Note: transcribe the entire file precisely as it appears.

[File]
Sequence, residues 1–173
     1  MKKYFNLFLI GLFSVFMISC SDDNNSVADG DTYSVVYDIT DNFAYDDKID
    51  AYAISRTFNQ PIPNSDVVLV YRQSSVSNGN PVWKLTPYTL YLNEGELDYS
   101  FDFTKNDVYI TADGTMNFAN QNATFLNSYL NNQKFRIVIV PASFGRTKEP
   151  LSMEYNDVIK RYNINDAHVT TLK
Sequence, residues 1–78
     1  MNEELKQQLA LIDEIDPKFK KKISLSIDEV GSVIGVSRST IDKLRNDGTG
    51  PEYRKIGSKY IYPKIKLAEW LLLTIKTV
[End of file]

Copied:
Sequence, residues 1–173
     1  MKKYFNLFLI GLFSVFMISC SDDNNSVADG DTYSVVYDIT DNFAYDDKID
    51  AYAISRTFNQ PIPNSDVVLV YRQSSVSNGN PVWKLTPYTL YLNEGELDYS
   101  FDFTKNDVYI TADGTMNFAN QNATFLNSYL NNQKFRIVIV PASFGRTKEP
   151  LSMEYNDVIK RYNINDAHVT TLK
Sequence, residues 1–78
     1  MNEELKQQLA LIDEIDPKFK KKISLSIDEV GSVIGVSRST IDKLRNDGTG
    51  PEYRKIGSKY IYPKIKLAEW LLLTIKTV